Can a Leopard change it’s shorts*? Does it matter?

by Efthimios Tsiliopoulos

In a recent article, attempts to understand why German-made Leopard 2A4 MBTs in Turkish service have faired badly in their deployment in Syria. But, I think, the question is wrong.

In the fall of 2016, Turkish Leopard 2s of the Second Armored Brigade deployed to the Syrian border to support Operation Euphrates Shield, Turkey’s intervention against ISIS. Prior to the Leopard’s arrival, around a dozen Turkish upgraded M-60 Sabra tanks were destroyed by both ISIS and Kurdish missiles. Turkish defense commentators expressed the hope that the tougher Leopard would fare better.

As the article notes, of the 354 used Leopard 2A4 tanks Berlin sold to Ankara, ten were destroyed in the fighting: five reportedly by antitank missiles, two by mines or IEDs, one to rocket or mortar fire, and the others to more ambiguous causes. It appears the vehicles were mostly struck the more lightly protected belly and side armor by IEDs and AT-7 Metis and AT-5 Konkurs antitank missiles.

If I remember correctly, in an article IU had written, way back after the last incursion of the IDF into Lebanon, of the 15, or so, tanks hit (I believe almost exclusively early mark Merkavas), struck with over 2500 AT weapons, guided and unguided, only one was a total write off, after stepping on an IED made from a water heater, containing 50 kg of TNT.  Nothing can survive 50 kg of TNT.

It also appears that the tanks were further targetted by Turkish Air force strikes to render them unusable.

The losses were reported by Der Spiegel, while confirmed eight of the tanks and a number of other vehicles destroyed through photos posted by Jihadists.

It is obvious that the Leopard 2 was designed as an MBT to fight defensive battles against the Warsaw Pact forces involving large scale heavily armored units slugging it out in Europe. The article in tries to argue that the US-made Abrams is slightly less vulnerable, due to its use of depleted uranium in its modular armor. However, it does concede that the Abrams has not fared much better in Saudi hands in the war in Yemen. However, the specific author has had a series of articles berating the Leopard 2.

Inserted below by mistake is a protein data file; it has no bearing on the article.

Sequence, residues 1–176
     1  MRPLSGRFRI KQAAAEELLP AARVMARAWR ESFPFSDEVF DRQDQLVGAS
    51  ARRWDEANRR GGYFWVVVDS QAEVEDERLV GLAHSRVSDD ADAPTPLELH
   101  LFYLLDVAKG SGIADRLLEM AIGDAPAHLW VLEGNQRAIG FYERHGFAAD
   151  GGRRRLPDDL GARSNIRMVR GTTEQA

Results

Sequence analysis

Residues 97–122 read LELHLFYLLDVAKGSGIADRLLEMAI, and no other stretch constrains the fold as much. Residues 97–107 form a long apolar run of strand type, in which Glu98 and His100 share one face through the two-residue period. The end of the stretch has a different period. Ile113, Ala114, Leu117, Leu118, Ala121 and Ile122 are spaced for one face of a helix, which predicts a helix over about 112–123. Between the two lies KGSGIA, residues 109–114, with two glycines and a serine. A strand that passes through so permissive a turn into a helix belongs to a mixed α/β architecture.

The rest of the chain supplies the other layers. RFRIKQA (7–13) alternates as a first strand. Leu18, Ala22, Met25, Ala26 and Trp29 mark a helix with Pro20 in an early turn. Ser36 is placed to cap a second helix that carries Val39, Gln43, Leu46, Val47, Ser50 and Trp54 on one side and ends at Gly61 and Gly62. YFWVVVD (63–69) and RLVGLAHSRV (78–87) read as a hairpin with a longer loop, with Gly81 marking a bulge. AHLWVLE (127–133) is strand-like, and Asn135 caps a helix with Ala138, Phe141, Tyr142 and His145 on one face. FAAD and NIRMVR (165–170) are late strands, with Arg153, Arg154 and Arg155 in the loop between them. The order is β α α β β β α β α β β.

At the same time, Leopard 2s have been used successfully in Afghanistan (Canadian 2A6Ms  and Danish 2A5s). Although they received damage they were quickly put back in action, and not one was a write-off.

Germany has been building an upgraded Leopard, the Leopard 2A7V, which is slated to receive the ADATS APS self-defence suite, which supposedly poses a lesser risk of harming friendly troops with its defensive countermeasure missiles, than the Israeli-made Trophy-APS that is being fitted aboard US Abrams tanks, on a trial basis.

Turkey would have liked this upgrade, but German lawmakers have blocked this otherwise lucrative deal for Berlin. In response the Turks had the local firm that built the new Turkish Altay tank, develop and install an upgrade for some Leopard 2A5s for use in Syria or against PKK rebels in Turkey. The upgrade consisted of adding blocks of ERA (explosive reactive armor) on the sides of the tank and around the turret. In addition slat (a metal cage) armor was also installed around the turret. A Turkish designed APS (Active Protection System) was installed that senses and jams incoming ATGMs. The first of these Leopard 2A5s were available in early 2019. None have seen combat in Syria yet.

However, the problem seems to be not in the tanks themselves, but rather in the manner they are employed. Tanks were designed to overcome (figuratively and literally) the impasse created by the advantages for defence that had ensued from new weapons like the machine gun and the rapid firing field gun.

As envisaged by early proponents, like Sir Basil Lidell and Heinz Guderian, the tank would be used as the spearhead of fast-moving columns that would create rifts in the enemy front line, while equally fast-moving infantry would support them and deal with any opposition that the spearhead would bypass, on its race to destroy the given objective. Follow on units would fan out behind the breach to envelop the defenders from behind.